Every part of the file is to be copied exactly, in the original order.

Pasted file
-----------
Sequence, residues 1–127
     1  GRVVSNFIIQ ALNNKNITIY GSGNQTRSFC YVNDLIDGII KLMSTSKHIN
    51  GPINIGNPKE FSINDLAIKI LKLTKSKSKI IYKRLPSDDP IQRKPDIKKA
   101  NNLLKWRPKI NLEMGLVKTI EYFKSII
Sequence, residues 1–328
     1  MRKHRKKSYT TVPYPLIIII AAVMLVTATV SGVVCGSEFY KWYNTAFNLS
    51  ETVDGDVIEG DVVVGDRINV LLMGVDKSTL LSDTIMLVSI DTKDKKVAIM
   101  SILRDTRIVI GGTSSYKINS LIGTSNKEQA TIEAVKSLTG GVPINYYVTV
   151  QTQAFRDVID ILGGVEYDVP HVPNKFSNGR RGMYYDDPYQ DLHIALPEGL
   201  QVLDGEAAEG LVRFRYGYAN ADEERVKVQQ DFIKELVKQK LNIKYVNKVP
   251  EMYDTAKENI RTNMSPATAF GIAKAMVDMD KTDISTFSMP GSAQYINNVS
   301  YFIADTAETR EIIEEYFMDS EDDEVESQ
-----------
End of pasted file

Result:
Sequence, residues 1–127
     1  GRVVSNFIIQ ALNNKNITIY GSGNQTRSFC YVNDLIDGII KLMSTSKHIN
    51  GPINIGNPKE FSINDLAIKI LKLTKSKSKI IYKRLPSDDP IQRKPDIKKA
   101  NNLLKWRPKI NLEMGLVKTI EYFKSII
Sequence, residues 1–328
     1  MRKHRKKSYT TVPYPLIIII AAVMLVTATV SGVVCGSEFY KWYNTAFNLS
    51  ETVDGDVIEG DVVVGDRINV LLMGVDKSTL LSDTIMLVSI DTKDKKVAIM
   101  SILRDTRIVI GGTSSYKINS LIGTSNKEQA TIEAVKSLTG GVPINYYVTV
   151  QTQAFRDVID ILGGVEYDVP HVPNKFSNGR RGMYYDDPYQ DLHIALPEGL
   201  QVLDGEAAEG LVRFRYGYAN ADEERVKVQQ DFIKELVKQK LNIKYVNKVP
   251  EMYDTAKENI RTNMSPATAF GIAKAMVDMD KTDISTFSMP GSAQYINNVS
   301  YFIADTAETR EIIEEYFMDS EDDEVESQ